SR71 Contributor Interviews: Jordan Scott

unnamedWhat is it about the genre or cross-genre you write in that interests you/draws you in?

I came into fiction from a place of being a poet first and foremost, which has really informed the way I construct my short stories. There’s something pleasurable about accessing modes that feel more rooted in poetry—such as a sort of incantatory lyric—and braiding them through a story on a sentence level. The short story as a form also gives me ample space to layer different ideas into my writing.

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“Investigating the Nature of Reality”: An Interview with Brian Evenson

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Photo of Brian Evenson

Recently, Sonora Review‘s 2017-2018 Co-Editor-in-Chief, Patrick Cline, interviewed Brian Evenson, writer of numerous works of fiction and our 2017 Fiction Contest judge.

First off, thank you so much for judging our Spring fiction contest. We love your choice, Kate Berson’s “Luz, Milagro,” and are thrilled to publish it in Sonora Review #72. What do you admire about this story, and what led you to choose it out of the other submissions?

I found it a subtle story, and somewhat elusive–which I mean as a great compliment. It’s the kind of story that gave me just enough to move forward but also maintained a certain amount of mystery. It’s also not necessarily the kind of story I would naturally gravitate toward, and so it had to work a little harder to draw me in. I found it an exceptionally well written story: that, above all, was what convinced me to choose it.

As a semi-frequent contest judge, can you give us a sense of your process in this role, both in this case specifically and generally speaking? What do you look for in a story, and what do you pay attention to? Do you see any tendencies in your choices?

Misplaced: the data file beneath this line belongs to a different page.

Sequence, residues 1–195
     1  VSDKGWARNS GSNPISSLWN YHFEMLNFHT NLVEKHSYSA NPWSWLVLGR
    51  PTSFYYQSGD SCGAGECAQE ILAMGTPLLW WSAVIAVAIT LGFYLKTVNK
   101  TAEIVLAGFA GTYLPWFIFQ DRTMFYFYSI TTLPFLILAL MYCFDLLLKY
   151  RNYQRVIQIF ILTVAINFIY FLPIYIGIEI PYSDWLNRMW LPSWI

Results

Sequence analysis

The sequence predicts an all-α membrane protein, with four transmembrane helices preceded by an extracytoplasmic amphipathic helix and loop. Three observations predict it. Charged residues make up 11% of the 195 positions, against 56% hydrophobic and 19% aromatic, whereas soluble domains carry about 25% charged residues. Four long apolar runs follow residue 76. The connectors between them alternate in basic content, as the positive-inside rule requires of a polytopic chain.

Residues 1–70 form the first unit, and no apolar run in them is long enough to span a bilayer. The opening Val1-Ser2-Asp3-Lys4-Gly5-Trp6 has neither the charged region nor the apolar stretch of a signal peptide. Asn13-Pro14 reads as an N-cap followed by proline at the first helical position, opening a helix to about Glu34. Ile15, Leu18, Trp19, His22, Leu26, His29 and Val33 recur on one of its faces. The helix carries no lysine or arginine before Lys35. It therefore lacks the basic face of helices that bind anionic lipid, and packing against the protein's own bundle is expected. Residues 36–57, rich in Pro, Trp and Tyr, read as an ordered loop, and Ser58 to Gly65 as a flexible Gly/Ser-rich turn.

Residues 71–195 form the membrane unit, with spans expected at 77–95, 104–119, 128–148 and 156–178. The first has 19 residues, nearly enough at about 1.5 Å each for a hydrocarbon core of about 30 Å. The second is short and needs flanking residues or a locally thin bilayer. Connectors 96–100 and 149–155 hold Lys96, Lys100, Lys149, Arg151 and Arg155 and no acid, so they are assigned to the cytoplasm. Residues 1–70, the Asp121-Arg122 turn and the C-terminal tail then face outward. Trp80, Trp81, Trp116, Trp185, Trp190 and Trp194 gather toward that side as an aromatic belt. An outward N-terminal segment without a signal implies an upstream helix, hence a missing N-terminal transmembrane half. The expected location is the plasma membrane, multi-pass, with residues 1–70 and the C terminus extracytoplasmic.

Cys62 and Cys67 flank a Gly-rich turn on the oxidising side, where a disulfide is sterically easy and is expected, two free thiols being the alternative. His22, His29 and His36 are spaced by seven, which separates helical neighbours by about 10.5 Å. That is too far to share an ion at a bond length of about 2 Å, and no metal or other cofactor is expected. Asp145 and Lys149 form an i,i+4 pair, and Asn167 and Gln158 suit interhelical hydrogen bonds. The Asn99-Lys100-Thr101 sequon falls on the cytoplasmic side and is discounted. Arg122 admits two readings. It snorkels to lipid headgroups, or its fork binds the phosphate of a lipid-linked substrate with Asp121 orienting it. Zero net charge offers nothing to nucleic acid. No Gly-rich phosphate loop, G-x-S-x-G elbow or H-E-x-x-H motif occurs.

I try to go into each contest with an open mind. It’s more that I’m waiting for the story to convince me that it should be chosen than that I’m looking for something specific–which I guess means I’m looking for something well-written, original and convincing. But, honestly, the story that I chose for the last contest I judged and Berson’s story are radically different. The only thing they have in common is that the people writing them are thinking really actively about language and what it can do.

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Interview with Charlie Hanline

Natasha Stagg: How long have you been writing?

Charlie Hanline: Approximately ten years

NS: Do you write every day?

CH: No, but then I feel guilty

NS: What are your thoughts on writing?

CH: Writing lets you live vicariously those elements that you are unable to experience directly. Writing makes you be more in tune with people and your environment. You are more aware of what you say and do. You notice the details in life. Good writing never hurts another individual.

NS: Ever read the advice that authors give?

CH: Definitely, I have at least a hundred books of writing advice from authors.

NS: Do you have some advice to give?